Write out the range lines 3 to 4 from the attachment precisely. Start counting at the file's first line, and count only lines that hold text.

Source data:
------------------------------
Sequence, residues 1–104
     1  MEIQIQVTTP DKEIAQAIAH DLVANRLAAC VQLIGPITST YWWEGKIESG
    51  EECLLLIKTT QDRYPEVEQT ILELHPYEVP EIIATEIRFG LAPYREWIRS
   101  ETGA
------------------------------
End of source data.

    51  EECLLLIKTT QDRYPEVEQT ILELHPYEVP EIIATEIRFG LAPYREWIRS
   101  ETGA